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Environmentalists say state letting asbestos maker off easy

By Dave McKinney
Chicago Sun-Times
03/23/04

SPRINGFIELD -- A Lake County environmental group wants a judge to delay a looming settlement of a state lawsuit against Johns Manville Corp., saying the deal's possible terms could be a ''sweetheart deal'' for the former asbestos products manufacturer.

The Illinois Dunesland Preservation Society believes the company faces only slap-on-the-wrist fines of no more than $750,000 when it should be subjected to state penalties reaching $5 million for polluting Lake Michigan and Illinois Beach State Park with asbestos.

''Our intent is to get a voice in this, and make sure that they don't give away the store,'' Dunesland President Paul Kakuris said, referring to state environmental officials and the attorney general's office, which are negotiating with Johns Manville.

''They're going to charge them pennies on the dollar compared to what the fines should be,'' Kakuris said.

The group wants Lake County Judge David M. Hall to press for the maximum possible penalty against Johns Manville. It further asks him to delay a settlement until Dunesland can perform more thorough testing of a polluted lagoon system on the Johns Manville site in Waukegan and in an adjacent nature preserve, where the group found asbestos debris last year.

That find 11 months ago has not resulted in any action against Johns Manville by the Illinois Environmental Protection Agency. Nor has it been made part of the state suit against the company -- a pattern by the state, Dunesland maintains, of overlooking the company's poor track record.

The lawsuit against Johns Manville was originally filed in 2001 by former Attorney General Jim Ryan and has been amended, including last summer when Attorney General Lisa Madigan cited Johns Manville for 15 more environmental violations tied to its operations, which ceased in the 1990s.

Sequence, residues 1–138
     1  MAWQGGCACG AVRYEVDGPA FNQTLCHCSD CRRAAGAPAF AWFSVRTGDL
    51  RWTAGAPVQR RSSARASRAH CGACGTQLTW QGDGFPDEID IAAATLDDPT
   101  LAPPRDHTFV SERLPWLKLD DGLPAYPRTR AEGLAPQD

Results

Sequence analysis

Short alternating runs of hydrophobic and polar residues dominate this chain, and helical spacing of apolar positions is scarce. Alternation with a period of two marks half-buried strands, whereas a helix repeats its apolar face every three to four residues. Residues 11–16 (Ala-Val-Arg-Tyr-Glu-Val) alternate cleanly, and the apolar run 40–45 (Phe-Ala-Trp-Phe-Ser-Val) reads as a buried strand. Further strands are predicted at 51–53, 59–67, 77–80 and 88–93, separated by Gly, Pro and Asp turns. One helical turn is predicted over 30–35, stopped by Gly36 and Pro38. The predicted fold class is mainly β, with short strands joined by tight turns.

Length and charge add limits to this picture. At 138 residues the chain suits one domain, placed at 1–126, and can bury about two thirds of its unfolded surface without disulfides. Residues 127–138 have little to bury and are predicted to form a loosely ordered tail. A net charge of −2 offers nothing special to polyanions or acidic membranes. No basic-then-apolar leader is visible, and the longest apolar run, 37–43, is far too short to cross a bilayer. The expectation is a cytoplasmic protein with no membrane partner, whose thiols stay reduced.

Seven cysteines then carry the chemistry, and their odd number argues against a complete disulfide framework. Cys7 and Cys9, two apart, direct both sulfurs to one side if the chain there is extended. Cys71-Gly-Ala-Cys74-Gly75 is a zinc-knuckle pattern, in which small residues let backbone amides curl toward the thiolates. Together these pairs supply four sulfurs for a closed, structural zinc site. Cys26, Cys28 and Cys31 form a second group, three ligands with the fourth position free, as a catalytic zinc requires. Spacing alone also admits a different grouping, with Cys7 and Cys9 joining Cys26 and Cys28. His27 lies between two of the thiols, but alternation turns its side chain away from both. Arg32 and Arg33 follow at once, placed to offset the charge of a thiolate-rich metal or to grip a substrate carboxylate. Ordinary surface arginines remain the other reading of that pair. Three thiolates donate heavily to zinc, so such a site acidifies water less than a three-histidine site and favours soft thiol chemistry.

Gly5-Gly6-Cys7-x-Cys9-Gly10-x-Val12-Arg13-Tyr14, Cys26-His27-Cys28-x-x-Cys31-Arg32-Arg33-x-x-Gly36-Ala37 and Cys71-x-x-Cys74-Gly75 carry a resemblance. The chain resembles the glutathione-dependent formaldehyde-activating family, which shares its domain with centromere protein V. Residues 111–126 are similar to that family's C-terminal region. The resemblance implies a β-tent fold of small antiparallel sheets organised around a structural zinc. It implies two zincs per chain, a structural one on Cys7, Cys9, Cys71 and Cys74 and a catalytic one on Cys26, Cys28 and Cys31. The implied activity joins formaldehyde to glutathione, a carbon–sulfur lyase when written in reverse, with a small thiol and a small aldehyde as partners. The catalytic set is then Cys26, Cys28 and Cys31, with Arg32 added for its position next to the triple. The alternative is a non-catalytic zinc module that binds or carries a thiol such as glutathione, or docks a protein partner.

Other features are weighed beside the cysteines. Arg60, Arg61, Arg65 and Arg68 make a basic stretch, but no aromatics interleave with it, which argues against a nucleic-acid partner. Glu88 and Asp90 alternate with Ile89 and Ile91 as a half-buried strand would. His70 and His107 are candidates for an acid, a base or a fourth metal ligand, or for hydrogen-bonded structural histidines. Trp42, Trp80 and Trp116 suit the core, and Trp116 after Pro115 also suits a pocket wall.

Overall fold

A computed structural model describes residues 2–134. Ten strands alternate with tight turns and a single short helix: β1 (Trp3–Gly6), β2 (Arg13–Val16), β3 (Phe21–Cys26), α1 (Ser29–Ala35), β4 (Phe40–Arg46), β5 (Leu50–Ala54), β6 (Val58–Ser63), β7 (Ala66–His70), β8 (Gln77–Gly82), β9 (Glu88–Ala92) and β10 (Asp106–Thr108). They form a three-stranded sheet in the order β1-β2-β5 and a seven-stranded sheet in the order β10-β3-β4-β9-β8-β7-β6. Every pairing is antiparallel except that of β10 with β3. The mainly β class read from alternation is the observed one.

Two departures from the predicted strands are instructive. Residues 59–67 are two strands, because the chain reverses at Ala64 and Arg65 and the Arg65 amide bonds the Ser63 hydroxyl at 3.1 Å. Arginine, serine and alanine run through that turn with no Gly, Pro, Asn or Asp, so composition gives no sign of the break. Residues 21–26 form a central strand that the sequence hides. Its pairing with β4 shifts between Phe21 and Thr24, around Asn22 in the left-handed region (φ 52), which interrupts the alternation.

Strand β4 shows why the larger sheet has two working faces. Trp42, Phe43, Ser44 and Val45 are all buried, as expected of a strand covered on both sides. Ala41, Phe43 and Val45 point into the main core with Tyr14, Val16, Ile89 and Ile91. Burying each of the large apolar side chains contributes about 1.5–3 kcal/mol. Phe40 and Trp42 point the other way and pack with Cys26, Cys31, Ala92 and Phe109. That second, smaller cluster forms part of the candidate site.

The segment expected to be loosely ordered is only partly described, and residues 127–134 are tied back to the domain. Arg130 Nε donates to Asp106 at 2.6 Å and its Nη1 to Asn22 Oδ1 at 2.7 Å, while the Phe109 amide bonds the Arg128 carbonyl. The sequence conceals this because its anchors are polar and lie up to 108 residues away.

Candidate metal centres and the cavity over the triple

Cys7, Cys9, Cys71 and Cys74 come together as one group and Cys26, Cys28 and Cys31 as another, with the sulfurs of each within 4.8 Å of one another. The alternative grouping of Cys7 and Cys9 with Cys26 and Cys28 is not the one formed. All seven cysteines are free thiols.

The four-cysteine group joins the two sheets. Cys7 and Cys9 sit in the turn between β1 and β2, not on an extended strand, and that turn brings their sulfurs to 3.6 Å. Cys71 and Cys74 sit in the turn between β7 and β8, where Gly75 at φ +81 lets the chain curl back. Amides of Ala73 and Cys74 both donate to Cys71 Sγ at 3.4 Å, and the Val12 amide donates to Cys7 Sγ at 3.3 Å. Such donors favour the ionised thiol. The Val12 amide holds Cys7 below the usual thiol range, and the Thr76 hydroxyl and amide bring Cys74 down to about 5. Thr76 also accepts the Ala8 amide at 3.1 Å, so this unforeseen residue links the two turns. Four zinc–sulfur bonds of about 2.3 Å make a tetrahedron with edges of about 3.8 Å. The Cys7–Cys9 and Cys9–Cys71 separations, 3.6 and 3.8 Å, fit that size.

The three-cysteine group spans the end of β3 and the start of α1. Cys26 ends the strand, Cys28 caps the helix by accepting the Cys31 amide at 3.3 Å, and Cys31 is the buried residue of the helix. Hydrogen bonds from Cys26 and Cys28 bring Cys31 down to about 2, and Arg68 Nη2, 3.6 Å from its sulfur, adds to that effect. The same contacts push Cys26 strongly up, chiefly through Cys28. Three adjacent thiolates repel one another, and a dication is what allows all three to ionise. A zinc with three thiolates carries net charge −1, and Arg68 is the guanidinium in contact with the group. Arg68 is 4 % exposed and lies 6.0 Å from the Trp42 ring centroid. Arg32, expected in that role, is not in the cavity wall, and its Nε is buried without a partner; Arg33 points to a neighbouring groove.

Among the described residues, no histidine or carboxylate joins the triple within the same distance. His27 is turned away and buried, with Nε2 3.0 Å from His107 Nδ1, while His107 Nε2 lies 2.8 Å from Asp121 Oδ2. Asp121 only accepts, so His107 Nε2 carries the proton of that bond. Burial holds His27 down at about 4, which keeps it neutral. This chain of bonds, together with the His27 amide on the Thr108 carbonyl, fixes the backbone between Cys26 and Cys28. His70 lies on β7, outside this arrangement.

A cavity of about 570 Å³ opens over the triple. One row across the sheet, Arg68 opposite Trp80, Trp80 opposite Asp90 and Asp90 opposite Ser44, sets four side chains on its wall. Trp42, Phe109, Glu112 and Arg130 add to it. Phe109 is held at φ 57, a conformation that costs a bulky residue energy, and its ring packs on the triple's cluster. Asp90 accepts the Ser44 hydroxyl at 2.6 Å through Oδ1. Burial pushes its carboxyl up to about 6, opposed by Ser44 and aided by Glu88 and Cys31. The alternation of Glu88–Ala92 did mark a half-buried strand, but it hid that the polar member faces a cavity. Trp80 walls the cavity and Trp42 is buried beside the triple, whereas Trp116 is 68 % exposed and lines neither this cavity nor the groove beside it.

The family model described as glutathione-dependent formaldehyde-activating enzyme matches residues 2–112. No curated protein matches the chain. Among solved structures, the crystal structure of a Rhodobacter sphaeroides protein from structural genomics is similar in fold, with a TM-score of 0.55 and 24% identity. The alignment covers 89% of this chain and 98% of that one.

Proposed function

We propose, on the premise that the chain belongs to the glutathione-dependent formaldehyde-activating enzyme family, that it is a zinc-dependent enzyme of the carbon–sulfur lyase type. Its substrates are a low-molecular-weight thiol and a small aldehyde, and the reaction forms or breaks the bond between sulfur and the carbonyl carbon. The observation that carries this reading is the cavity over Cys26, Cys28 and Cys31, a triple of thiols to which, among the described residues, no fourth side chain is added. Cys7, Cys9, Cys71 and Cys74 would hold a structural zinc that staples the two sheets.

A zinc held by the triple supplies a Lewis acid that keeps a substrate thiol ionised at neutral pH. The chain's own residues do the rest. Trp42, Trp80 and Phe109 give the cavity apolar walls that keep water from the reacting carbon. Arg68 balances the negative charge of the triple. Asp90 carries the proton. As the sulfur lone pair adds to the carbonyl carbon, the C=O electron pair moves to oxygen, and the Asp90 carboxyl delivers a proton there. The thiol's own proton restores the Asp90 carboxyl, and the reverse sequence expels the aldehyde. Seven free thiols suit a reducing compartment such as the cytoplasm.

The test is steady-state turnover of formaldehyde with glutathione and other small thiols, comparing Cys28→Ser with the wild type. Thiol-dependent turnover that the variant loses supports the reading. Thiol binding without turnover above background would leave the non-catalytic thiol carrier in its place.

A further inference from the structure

Matthew Dunn, a lawyer who oversees asbestos litigation under Madigan, would not divulge how close the state and Johns Manville may be to an agreement nor confirm how much in fines the state would seek, saying only it would not be in the ''millions of dollars.''

''We generally don't discuss or negotiate our penalties in the press,'' Dunn said. ''In this matter, we've pursued the violations we believe are appropriate and sustainable. We've pursued for a, b and c, but this group also wants d and f.''

Bruce Ray, associate general counsel for Johns Manville, dismissed Dunesland's claims.

''Mr. Kakuris has been on record with these same allegations for over two years,'' Ray said. ''I don't think this is necessary. We've had the state and federal governments looking over our shoulders the whole way.''

Dunesland, which expects a Thursday hearing in Waukegan on its motions, was instrumental in last summer's shutdown of a state-leased fishing pier neighboring Johns Manville that was littered with asbestos debris. The pier remains off-limits.

The group last year released a study purporting health-threatening asbestos contamination in that area and along the expansive state park shoreline, which Dunesland said should be closed. The state ignored that recommendation.

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